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Publication numberUS7575470 B2
Publication typeGrant
Application numberUS 11/931,568
Publication dateAug 18, 2009
Filing dateOct 31, 2007
Priority dateSep 10, 2003
Fee statusPaid
Also published asUS7628643, US20060094290, US20080188121, US20090053925, US20100112869, US20110076884, US20120088400, US20130012048, US20140094056
Publication number11931568, 931568, US 7575470 B2, US 7575470B2, US-B2-7575470, US7575470 B2, US7575470B2
InventorsChrestos T. Pyrros
Original AssigneePyrros Chrestos T
Export CitationBiBTeX, EndNote, RefMan
External Links: USPTO, USPTO Assignment, Espacenet
Modular electrical receptacle
US 7575470 B2
Abstract
A modular electrical receptacle configured so that more than one of the modular electrical receptacles can be connected to form a larger receptacle connected to a single source of power. The modular electrical receptacle includes a housing having a front surface with a first and a second electrical outlet. The housing further includes a first tab extending from a first end and a second end extending from a second end for securing the modular receptacle to an in-wall electrical box. The housing further includes a power link, such as a conductive extension, for connecting directly to another module and providing the other module with access to the single source of power. The power link can be three links for connecting a positive line, a neutral line and a ground line to the another module. The housing also includes a coupler for connecting the housing to a power link of another module. Again, three couplers can be provided for the positive, neutral and ground lines. The power link(s) and coupler(s) can be on opposing sides of the module. A plurality of modules can be utilized to build a receptacle having four outlets, six outlets and more.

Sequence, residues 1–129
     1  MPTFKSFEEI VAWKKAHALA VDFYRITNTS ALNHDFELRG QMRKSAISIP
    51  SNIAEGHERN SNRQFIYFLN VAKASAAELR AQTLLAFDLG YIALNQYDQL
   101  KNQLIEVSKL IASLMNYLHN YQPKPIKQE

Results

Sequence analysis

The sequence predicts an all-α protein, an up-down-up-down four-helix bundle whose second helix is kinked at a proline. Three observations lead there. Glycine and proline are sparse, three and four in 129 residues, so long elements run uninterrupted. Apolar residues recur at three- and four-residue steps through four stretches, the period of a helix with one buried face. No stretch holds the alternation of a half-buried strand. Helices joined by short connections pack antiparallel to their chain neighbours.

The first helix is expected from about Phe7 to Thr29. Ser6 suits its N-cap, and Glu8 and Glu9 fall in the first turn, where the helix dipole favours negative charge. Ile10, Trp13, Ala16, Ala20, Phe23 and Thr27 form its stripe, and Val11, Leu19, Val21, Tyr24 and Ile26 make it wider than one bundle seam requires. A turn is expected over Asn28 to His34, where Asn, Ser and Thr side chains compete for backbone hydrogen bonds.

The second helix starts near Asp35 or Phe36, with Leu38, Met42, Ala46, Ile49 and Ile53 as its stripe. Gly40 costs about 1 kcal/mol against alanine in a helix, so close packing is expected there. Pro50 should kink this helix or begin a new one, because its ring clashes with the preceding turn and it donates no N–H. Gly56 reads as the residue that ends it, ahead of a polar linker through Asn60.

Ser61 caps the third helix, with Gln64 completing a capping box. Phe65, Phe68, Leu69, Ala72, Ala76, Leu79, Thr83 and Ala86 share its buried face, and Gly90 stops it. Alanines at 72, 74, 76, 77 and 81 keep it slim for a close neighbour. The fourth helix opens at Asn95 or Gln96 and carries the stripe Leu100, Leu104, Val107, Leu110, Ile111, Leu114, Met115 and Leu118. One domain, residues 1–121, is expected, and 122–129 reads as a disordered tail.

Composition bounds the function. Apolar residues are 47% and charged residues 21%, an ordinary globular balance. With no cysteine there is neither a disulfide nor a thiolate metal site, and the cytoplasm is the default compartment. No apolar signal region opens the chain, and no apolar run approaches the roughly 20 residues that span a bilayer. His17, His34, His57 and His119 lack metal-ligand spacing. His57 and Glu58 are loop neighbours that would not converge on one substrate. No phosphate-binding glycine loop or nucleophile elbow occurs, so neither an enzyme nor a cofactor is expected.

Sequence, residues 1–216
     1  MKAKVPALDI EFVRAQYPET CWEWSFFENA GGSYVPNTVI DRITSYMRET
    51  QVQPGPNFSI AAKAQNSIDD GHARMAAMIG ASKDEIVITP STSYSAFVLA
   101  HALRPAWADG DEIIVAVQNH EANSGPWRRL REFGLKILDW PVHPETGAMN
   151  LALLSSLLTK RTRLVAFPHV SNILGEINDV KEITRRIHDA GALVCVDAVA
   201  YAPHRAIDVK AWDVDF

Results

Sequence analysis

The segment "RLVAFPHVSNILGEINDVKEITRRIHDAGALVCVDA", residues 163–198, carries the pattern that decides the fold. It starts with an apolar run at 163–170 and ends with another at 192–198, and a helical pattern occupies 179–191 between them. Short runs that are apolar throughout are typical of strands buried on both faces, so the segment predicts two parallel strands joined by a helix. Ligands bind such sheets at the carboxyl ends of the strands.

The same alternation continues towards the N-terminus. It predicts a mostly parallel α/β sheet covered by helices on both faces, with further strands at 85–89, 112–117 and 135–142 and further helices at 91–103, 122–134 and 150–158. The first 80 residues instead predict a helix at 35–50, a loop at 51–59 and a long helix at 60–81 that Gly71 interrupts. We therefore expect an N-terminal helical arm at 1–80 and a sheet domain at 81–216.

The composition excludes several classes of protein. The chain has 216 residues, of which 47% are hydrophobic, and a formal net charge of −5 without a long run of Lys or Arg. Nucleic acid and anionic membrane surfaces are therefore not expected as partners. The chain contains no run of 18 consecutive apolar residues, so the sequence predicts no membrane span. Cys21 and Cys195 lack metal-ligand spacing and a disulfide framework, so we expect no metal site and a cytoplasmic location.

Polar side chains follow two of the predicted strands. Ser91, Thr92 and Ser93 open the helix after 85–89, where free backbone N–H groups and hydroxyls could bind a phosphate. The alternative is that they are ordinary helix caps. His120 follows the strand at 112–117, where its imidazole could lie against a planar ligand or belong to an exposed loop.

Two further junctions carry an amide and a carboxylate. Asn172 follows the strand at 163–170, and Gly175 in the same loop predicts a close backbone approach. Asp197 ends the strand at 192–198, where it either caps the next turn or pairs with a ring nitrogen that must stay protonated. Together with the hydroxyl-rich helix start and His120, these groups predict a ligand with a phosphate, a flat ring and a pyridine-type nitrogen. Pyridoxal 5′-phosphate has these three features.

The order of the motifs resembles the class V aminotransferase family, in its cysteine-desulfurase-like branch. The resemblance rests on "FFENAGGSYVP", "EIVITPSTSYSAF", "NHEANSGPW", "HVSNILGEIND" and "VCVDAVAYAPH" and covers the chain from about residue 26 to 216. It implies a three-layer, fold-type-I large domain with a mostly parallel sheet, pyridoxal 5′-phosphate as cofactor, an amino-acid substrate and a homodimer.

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Claims(10)
1. A duplex electrical receptacle connectable to one or two other duplex electrical receptacles comprising:
an electrical receptacle outlet housing including a front surface, a first side and a second side, the front surface of the housing containing a first electrical receptacle outlet and a second receptacle outlet;
a first mounting tab extending from a first end of the housing and a second mounting tab extending from a second end of the housing, the first and second mounting tabs configured to secure the modular electrical receptacle to an in-wall mounting box;
a first power connector on the first side of the housing; and,
a second power connector on the second side of the housing wherein the first power connector is configured to mate with a second power connector of a first other duplex electrical receptacle, and the second power connector is configured to mate with a first power connector of a second other duplex electrical receptacle.
2. The duplex electrical receptacle of claim 1 wherein the first power connector includes an electrically conductive prong extending from the first side of the housing.
3. The duplex electrical receptacle of claim 2 wherein the second power connector includes a slot in the second side of the housing.
4. The duplex electrical receptacle of claim 1 further comprising: